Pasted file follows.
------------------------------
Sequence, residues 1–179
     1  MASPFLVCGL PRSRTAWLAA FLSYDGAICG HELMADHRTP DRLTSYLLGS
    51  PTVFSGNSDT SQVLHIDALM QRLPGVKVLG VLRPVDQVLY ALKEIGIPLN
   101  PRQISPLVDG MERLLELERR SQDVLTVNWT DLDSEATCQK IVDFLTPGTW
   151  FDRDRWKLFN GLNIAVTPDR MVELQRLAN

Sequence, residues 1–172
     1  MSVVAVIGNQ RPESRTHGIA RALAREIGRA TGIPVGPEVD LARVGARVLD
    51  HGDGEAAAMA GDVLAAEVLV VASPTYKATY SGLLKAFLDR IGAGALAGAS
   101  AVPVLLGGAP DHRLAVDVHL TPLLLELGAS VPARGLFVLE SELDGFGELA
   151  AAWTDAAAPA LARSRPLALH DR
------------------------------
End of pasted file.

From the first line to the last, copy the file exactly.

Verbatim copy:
Sequence, residues 1–179
     1  MASPFLVCGL PRSRTAWLAA FLSYDGAICG HELMADHRTP DRLTSYLLGS
    51  PTVFSGNSDT SQVLHIDALM QRLPGVKVLG VLRPVDQVLY ALKEIGIPLN
   101  PRQISPLVDG MERLLELERR SQDVLTVNWT DLDSEATCQK IVDFLTPGTW
   151  FDRDRWKLFN GLNIAVTPDR MVELQRLAN

Sequence, residues 1–172
     1  MSVVAVIGNQ RPESRTHGIA RALAREIGRA TGIPVGPEVD LARVGARVLD
    51  HGDGEAAAMA GDVLAAEVLV VASPTYKATY SGLLKAFLDR IGAGALAGAS
   101  AVPVLLGGAP DHRLAVDVHL TPLLLELGAS VPARGLFVLE SELDGFGELA
   151  AAWTDAAAPA LARSRPLALH DR